The survey was commissioned by the ABI which believes providers and government bodies could play a bigger role in the future in offering pensions guidance to those unable to afford it or get it elsewhere.
The ABI survey found that nearly 3 in 4 people reject the idea of paying for financial advice.
Of those who do want advice four times as many wanted one-off financial advice (46%) instead of a traditional ongoing fees model (12%).
The research revealed that consumers had mixed views on how they wanted to receive financial guidance.
The most popular option for accessing information was through a Government website (29%), followed by pension provider (25%), family (23%), online information (22%) and Pension Wise (21%).
ABI director general Huw Evans has called for a fundamental re-think of the regulatory environment to facilitate new forms of advice and guidance so it is “fit for purpose for the next 15 years.”
He said changes were needed to shift the advice and guidance boundary and to enable customers to get advice that it is simpler and more affordable, or guidance that offers more help.
He said changes would enable providers, trustees and the Money and Pension Service to, “help customers more effectively when choosing what they want to do with their pension”.
He said: “With millions of people exercising unprecedented freedoms to make retirement choices, we need a system of guidance and advice that helps the majority, not a minority.
"When people have saved all their working lives for their retirement, it is not good enough to allow most of them to make complicated judgements about drawdown rates, annuity options and pension options with very little help. This is a shared responsibility for providers, regulators, advisers and government bodies.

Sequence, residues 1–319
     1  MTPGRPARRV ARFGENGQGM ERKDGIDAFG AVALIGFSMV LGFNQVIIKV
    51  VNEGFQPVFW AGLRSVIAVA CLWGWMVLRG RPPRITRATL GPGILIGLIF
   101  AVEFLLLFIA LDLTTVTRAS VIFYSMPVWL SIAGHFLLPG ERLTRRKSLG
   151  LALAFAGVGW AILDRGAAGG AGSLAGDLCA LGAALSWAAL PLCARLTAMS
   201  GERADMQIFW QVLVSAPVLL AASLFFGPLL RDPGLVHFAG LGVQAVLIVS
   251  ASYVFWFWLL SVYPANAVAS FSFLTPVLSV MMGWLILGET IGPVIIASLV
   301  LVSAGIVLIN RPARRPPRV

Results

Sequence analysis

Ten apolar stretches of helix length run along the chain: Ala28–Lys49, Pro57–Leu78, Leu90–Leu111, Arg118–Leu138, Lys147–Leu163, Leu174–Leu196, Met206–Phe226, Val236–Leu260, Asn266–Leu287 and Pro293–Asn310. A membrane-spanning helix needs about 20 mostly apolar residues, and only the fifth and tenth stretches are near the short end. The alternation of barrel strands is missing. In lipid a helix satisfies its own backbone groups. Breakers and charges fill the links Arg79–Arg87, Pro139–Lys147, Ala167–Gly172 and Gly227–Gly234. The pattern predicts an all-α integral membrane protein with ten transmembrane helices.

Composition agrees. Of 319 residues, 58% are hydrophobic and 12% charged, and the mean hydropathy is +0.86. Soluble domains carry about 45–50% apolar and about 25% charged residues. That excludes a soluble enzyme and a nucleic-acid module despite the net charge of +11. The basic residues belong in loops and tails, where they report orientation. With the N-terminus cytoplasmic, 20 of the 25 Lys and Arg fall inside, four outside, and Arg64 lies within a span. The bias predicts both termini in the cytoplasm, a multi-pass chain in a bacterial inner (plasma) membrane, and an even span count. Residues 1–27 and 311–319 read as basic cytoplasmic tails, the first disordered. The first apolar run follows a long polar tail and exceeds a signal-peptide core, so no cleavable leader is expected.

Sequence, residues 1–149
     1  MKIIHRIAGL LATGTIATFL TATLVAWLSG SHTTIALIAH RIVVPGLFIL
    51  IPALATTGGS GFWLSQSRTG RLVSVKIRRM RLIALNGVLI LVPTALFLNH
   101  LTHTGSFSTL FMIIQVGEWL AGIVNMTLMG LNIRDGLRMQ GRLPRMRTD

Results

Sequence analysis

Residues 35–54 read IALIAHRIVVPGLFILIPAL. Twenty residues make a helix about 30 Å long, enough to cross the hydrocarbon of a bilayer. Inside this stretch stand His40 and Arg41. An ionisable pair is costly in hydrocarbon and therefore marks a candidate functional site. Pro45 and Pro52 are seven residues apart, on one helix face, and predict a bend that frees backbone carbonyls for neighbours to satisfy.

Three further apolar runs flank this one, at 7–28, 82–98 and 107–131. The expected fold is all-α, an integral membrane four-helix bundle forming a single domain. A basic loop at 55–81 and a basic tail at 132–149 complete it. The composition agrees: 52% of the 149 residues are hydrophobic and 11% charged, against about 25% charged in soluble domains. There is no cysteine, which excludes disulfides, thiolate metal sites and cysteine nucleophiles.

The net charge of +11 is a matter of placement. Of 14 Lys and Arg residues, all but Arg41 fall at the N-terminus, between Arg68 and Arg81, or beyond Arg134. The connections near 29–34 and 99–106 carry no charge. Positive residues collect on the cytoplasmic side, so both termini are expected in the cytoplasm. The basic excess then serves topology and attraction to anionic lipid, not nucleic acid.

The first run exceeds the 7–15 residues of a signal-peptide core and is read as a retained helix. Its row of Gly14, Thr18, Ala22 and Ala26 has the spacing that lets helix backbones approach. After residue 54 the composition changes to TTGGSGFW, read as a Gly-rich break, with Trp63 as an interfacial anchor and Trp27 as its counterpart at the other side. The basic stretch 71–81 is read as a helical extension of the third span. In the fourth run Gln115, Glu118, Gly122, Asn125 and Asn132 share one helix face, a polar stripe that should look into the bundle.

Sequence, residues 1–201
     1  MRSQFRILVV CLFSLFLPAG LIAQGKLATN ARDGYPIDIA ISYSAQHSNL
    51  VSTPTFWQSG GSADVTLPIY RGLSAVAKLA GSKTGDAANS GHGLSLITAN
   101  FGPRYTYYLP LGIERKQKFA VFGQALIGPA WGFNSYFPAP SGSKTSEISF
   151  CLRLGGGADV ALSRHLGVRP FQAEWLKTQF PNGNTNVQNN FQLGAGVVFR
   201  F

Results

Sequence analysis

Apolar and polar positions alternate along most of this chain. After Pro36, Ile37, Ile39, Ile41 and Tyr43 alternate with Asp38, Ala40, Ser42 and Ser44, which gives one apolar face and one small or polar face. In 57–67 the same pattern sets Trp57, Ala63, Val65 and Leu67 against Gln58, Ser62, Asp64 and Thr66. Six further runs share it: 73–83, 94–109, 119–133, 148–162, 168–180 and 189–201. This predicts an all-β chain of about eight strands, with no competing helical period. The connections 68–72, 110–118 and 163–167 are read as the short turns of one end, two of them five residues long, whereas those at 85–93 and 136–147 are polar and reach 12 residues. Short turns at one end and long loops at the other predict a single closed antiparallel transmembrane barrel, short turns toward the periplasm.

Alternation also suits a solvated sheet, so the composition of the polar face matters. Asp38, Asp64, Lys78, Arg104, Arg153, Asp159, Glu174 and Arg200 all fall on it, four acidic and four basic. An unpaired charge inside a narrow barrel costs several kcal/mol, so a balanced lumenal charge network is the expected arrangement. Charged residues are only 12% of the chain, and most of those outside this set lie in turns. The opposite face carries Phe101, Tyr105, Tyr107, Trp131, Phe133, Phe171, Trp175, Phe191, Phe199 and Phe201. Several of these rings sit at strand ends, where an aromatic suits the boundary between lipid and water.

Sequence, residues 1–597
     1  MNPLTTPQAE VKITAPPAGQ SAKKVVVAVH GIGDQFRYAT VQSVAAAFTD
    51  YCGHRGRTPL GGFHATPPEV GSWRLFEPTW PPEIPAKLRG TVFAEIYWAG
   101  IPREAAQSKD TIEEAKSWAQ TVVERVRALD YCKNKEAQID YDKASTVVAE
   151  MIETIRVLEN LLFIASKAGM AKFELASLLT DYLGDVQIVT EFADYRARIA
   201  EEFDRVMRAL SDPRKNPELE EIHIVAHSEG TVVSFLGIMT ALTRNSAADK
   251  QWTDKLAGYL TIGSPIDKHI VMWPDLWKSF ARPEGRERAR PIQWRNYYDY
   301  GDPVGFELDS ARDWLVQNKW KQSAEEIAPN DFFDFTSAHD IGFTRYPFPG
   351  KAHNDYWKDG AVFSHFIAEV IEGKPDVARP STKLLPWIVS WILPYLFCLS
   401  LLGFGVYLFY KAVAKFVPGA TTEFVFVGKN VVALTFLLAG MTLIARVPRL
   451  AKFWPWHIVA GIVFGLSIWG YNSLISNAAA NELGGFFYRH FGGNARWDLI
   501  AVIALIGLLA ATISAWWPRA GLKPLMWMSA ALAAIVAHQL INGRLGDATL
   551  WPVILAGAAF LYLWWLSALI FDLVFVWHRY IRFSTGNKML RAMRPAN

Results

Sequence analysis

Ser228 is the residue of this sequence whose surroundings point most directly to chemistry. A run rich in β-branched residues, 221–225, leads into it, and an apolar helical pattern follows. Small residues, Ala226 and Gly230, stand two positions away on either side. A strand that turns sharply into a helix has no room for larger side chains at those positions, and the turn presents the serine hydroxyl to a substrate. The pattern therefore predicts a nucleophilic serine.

“With the Brexit transition period coming to an end, the FCA has a uniquely timed opportunity to devise a system suitable for UK pension freedoms that ensures the majority of savers have access to either guidance or advice as they take decisions that will shape the rest of their lives.”
The consumer poll of 2,368 UK adults was conducted in October on behalf of the ABI by Yonder. The sample for the survey was weighted more highly towards those approaching retirement.
• Financial Planning Today Analysis: It's no surprise there is frustration among some providers about the poor availability of financial advice to the mass of UK pension savers. The coded message in the ABI's report is that financial advisers will never be able to reach the millions who need some form of pension advice. In addition, the survey results highlighted by the ABI suggest many pension savers simply do not want to pay for financial advice, cannot afford it or are unwilling to pay.
This is unlikely to change without a radical restructuring of the advice market. Financial advisers may be concerned about the potential for providers to replace them as the first choice for financial advice pre-retirement but this is a possibility. It may be no coincidence that this week Aviva announced the launch of its own pension guidance service. Lobbying by the ABI to change the rules about regulated guidance or advice for pre-retirement savers is a distinct possibility. Pension providers may have a bigger role in future in providing pensions guidance.